Natural Law-yers

Both sides of the same-sex marriage debate seem to beg the question. One side argues that we can’t have homosexual people marrying each other because it’ll destroy the country, while the other side argues that any combination of love and commitment should be available for validation in the eyes of the state as a marriage. But one of the most important questions to ever ask in reading and talking and in thinking is “what do you mean when you use that word?” I think we haven’t agreed on what marriage is, so when we talk about how it should look in our society, we talk past each other and get nowhere. Actually, nowhere would be an improvement. We talk past each other and get further divided into our little bands in the culture war. Now, I’m all for culture war, but I’d like to fight it with actual culture–not via proxy representatives, who most often turn out to be Bill O’Reilly and Jon Stewart.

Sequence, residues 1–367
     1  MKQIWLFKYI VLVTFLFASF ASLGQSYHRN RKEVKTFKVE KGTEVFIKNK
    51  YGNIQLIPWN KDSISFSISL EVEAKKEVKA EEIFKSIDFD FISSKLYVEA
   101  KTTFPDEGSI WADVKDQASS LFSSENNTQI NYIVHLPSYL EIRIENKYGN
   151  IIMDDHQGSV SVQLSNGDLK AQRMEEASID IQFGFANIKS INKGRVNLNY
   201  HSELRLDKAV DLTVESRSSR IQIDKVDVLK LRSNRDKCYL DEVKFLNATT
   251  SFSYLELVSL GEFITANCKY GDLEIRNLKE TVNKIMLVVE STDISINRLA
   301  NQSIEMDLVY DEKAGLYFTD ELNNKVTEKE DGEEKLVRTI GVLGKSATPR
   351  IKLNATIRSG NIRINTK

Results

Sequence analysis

Anyway, all that to say that this is a thoughtful look at what marriage is and I’d love to discuss it with someone:

The book’s worth the time, but there’s a video on that page that lays out their basic arguments and that’s what I think could start a good discussion. The speakers definitely have a position, but they’re arguing for it from natural law and history and anthropology and in the public square, as it were, so that we might begin to have a societal understanding of what marriage is, then form policy off that. All this in the spirit of Ben Franklin who saw clearly the cost of disunity: “We must indeed all hang together, or most assuredly we shall all hang separately.”


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